In small business, we often ‘lump’ sales and marketing into the same bucket. This is actually a problem because they are not one role, they are two separate roles with two separate outcomes.
If you speak to anyone that has worked in a large corporate company that had separate departments for sales and marketing and then ask them if the two departments like each other they will tell you – pretty fast too – that NO, they hated each other!
Because the marketing department would be saying to the sales department ‘We are getting you all these leads/enquiries, could you sell something?’ and the sales department then replies with ‘We’d sell something if you got us a better quality lead!’
When you are in small business and you put these two departments together, you are having this same battle – just in your own head or that of the person you have hired to do your sales and marketing.
Now this doesn’t mean the solution is to have a separate sales person to a separate marketing person, it is just understanding the difference between the two of them.
Marketing is all about generating leads or enquiries. How can we find people that are at least in the market or potentially interested in your product or service? How can we get them to talk to you, come into your shop/business, make a website enquiry, come to your website – how can we get them to consider enquiring to you about your product or service.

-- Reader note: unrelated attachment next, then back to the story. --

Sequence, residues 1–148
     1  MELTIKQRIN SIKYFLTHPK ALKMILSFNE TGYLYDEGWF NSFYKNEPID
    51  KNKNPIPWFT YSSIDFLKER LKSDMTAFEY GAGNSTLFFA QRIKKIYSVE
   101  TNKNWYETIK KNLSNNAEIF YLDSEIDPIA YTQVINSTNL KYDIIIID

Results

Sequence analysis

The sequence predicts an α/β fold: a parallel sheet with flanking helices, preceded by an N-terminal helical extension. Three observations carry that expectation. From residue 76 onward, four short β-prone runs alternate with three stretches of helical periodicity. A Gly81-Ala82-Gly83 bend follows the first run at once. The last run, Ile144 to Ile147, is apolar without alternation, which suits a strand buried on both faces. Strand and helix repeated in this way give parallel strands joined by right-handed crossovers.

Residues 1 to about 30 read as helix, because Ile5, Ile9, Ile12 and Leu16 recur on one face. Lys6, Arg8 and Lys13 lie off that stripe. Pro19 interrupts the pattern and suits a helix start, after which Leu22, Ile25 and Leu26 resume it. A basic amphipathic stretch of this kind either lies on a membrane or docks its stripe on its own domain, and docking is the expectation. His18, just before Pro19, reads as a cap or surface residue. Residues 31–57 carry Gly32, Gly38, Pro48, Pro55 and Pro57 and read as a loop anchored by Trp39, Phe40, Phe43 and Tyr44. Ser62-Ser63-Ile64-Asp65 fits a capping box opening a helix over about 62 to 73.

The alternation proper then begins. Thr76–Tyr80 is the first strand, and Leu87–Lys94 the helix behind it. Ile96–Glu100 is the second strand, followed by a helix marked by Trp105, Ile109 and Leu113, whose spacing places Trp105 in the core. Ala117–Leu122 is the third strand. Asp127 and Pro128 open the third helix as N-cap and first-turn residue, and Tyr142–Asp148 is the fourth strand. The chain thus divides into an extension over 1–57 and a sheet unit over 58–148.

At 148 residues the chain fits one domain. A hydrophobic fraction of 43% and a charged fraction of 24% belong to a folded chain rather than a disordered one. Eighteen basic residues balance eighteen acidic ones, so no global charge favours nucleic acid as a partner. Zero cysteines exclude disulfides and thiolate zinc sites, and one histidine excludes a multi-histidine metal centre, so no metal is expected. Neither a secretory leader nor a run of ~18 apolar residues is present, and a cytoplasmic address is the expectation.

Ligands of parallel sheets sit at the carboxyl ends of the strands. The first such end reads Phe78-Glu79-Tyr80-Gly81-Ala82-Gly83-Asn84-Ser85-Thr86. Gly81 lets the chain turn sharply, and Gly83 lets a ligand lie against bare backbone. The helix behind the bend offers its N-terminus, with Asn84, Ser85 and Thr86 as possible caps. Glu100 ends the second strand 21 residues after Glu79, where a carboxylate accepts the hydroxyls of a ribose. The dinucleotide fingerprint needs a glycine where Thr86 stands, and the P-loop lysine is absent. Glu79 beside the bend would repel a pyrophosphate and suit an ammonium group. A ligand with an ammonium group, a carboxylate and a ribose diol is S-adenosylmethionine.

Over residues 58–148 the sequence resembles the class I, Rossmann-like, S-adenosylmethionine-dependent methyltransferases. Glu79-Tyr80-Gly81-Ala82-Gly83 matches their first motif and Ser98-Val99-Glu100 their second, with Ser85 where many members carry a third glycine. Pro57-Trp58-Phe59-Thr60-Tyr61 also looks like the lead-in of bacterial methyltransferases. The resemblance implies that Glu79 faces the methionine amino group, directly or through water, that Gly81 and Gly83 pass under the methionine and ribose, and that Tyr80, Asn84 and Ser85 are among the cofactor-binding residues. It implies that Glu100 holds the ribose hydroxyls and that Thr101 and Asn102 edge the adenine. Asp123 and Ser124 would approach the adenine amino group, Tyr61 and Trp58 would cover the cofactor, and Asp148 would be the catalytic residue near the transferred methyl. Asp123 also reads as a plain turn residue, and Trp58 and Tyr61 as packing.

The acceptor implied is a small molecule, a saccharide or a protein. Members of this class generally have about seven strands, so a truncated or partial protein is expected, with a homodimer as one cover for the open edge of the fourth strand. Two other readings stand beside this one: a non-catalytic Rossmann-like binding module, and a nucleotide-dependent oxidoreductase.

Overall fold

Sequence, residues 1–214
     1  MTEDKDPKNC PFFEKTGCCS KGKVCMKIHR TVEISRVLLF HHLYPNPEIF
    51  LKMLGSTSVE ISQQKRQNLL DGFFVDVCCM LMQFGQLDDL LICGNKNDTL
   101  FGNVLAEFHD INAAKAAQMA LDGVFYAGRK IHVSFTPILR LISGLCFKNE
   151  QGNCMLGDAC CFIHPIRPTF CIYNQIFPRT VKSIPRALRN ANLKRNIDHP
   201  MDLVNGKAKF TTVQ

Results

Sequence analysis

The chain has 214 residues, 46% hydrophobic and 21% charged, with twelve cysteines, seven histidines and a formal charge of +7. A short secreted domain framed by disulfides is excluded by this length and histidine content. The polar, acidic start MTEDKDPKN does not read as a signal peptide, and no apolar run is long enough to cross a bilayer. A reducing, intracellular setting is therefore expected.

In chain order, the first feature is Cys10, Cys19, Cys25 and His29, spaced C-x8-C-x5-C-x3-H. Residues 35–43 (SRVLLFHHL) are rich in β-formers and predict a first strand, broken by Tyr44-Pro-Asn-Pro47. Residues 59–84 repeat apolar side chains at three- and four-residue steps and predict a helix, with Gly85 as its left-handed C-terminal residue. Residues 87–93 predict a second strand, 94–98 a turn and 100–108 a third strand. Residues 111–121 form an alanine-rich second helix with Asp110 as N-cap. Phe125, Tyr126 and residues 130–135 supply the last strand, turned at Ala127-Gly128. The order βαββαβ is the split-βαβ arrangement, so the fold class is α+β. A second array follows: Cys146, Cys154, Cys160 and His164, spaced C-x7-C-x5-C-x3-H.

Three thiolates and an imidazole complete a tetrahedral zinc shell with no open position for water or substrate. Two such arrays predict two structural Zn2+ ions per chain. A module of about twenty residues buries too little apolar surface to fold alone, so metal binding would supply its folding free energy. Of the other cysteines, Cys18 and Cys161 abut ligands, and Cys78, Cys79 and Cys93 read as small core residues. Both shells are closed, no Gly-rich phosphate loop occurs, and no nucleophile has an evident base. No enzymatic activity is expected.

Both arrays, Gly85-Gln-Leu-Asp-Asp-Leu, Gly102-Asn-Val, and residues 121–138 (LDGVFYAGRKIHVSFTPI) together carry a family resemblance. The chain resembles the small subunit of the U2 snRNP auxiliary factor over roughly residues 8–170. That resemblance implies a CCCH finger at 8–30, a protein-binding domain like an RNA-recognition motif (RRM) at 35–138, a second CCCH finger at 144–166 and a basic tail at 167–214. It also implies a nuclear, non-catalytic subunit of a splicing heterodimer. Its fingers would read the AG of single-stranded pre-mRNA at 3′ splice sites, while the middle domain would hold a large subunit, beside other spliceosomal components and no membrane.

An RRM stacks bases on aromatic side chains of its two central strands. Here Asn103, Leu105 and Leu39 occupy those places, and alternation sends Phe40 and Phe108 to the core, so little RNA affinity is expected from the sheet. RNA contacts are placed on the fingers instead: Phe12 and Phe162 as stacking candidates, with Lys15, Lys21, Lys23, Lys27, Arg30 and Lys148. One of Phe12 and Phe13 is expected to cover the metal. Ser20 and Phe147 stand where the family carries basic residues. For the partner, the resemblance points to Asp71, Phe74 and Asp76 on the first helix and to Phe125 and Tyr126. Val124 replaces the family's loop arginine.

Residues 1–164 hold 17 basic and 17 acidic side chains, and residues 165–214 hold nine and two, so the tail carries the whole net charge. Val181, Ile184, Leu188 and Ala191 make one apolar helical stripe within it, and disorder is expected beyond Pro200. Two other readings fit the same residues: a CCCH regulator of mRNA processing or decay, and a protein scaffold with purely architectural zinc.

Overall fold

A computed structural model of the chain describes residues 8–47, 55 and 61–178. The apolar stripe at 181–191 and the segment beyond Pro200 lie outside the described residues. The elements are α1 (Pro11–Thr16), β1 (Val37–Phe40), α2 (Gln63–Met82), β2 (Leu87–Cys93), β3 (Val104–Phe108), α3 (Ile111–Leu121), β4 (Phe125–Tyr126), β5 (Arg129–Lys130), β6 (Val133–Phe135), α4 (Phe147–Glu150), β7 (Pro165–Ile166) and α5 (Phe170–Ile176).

Now in sales, the goal of the sales department is to convert that lead/enquiry into a customer. How do we take that enquiry or person and have them buy from you?
The challenge for most small business owners is that they either hate sales (we can talk about this later) or they are thinking how do I get a customer to buy when doing marketing (instead of how do I find someone to enquire about our products/services).
Networking is a classic example. Many business owners go to business networking events to ‘get a customer’. Networking is a marketing strategy, not a sales strategy. The purpose of going to a networking event is marketing – so to generate a lead or enquiry. To find interest in your product or service. Next time you go to a networking event, have a look at the number of people who are trying to sell, rather than market.
To increase your business, you need to separate these two departments (even just in your own head and mindset) so that you can increase the effectiveness of your marketing and then also the effectiveness of your sales.
Yes, they work together, but have different goals. If you do better in both areas, you will see a multiplier effect in your business – which is what you want.